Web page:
New Yorkers should pay attention to the yeshiva schools controversy
Schools that deprive children of basic skills get millions of taxpayer dollars
Schools in the Orthodox Jewish community exist along a spectrum. The Modern Orthodox schools offer a well-rounded Jewish education as well as a robust secular education, by which I mean instruction in English, math, science, history, physical education, etc. Graduates of these Modern Orthodox schools do quite well academically and professionally, and their successes are now being touted as “proof” that the yeshiva system works and is even superior to public schools.
In fact, the majority of those advocating for educational improvement are former Hasidic students who were never provided a proper education. They care deeply about the Jewish community and about the education and welfare of children.
New Yorkers should be paying close attention for several reasons. Hasidic schools receive millions of taxpayer dollars. With students emerging without a high school education or even basic English language skills, their career prospects are limited and their families struggle from the start.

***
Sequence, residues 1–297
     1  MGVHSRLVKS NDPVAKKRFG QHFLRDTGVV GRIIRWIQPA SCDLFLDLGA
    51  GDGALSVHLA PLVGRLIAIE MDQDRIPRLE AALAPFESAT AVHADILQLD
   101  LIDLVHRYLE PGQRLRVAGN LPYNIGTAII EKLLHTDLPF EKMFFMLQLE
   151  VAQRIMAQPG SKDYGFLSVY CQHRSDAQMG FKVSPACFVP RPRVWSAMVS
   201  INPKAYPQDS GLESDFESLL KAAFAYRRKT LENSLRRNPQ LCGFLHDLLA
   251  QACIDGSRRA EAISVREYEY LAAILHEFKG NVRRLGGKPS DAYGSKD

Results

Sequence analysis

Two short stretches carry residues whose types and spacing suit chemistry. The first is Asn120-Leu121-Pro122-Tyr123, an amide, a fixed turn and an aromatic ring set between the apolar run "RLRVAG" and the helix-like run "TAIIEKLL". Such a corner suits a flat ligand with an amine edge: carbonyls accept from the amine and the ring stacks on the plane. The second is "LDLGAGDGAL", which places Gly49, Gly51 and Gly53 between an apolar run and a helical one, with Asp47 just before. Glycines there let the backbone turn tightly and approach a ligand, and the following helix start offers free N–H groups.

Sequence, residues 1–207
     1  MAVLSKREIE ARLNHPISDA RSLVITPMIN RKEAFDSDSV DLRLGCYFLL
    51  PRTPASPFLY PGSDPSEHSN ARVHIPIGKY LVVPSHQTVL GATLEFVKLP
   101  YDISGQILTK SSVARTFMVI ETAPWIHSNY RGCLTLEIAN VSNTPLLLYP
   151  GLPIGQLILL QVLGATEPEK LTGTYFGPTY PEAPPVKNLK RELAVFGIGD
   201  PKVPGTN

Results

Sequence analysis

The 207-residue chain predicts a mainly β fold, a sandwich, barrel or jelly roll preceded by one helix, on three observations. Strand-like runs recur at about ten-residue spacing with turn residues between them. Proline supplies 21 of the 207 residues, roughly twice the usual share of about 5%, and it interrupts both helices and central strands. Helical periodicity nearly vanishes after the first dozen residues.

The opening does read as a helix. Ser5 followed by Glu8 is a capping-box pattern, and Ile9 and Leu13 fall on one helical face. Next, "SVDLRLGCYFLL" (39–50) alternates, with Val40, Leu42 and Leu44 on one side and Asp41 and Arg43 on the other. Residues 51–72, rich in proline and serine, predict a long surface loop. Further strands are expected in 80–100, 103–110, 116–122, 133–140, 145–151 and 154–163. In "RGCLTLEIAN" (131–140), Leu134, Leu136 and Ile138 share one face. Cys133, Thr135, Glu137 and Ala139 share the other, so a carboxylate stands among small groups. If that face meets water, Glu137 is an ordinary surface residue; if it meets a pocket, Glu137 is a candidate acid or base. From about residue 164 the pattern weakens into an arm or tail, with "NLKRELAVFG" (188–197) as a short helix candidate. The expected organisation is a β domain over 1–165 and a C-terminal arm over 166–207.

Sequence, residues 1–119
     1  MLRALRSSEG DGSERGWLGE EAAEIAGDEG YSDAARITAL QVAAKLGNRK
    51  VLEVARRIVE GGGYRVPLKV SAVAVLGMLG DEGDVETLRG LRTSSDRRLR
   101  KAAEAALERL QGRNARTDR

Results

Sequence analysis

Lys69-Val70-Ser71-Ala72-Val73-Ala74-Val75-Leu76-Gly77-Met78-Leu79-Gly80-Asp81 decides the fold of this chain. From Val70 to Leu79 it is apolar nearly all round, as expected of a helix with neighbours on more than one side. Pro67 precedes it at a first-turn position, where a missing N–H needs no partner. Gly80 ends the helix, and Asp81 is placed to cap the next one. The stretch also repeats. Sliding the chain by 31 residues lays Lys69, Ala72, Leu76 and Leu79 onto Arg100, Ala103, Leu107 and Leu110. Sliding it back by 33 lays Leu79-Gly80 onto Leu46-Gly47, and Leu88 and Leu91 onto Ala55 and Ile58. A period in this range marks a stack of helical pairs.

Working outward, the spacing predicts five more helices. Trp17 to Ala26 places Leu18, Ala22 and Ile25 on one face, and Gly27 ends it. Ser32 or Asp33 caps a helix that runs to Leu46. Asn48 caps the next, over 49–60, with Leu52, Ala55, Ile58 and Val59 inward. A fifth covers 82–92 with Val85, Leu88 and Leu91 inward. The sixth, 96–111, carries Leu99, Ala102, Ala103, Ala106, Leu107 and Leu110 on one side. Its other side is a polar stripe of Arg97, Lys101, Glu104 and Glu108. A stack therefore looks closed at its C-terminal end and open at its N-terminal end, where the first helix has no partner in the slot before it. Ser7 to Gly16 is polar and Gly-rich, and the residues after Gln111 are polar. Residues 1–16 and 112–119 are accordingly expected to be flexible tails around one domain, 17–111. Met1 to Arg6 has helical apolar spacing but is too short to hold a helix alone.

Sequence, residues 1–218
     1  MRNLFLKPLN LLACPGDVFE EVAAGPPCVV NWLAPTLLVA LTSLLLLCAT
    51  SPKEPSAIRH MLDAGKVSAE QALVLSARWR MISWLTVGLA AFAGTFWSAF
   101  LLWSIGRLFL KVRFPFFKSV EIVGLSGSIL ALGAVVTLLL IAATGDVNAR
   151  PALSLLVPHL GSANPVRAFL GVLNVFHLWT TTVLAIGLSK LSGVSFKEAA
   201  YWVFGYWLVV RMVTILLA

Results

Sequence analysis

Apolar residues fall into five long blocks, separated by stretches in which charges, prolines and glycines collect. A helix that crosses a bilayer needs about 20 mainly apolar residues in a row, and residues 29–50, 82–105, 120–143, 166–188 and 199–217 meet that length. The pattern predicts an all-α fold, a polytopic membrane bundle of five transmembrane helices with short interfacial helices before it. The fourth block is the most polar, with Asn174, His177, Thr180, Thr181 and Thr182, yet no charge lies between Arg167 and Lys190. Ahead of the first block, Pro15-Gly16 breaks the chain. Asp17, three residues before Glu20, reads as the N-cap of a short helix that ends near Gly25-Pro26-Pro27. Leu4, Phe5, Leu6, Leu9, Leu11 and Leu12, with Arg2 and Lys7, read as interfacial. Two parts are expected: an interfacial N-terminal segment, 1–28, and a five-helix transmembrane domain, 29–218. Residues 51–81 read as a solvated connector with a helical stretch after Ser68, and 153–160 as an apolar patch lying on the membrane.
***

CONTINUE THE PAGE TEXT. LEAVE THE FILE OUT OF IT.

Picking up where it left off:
A parent’s right to choose to send a child to yeshiva is unquestionable, but there is no parental or communal right to deny children the tools necessary to survive and thrive.
It is no secret that thousands of young Hasidic families, primarily in the communities of Williamsburg, New Square and Kiryas Joel, depend on government aid to survive. Now that their children attend the same or similar schools, we can expect the cycle to continue for another generation.
Advocating for secular education is not about providing abstract information in the classroom. It’s about giving young Jewish men the means through which they can lead dignified lives and support their families, which is a tall order without proper education. They should have the options of joining the workforce and reap opportunities available to all U.S. citizens. Far from being a threat to the community, secular education is the only way to save the community.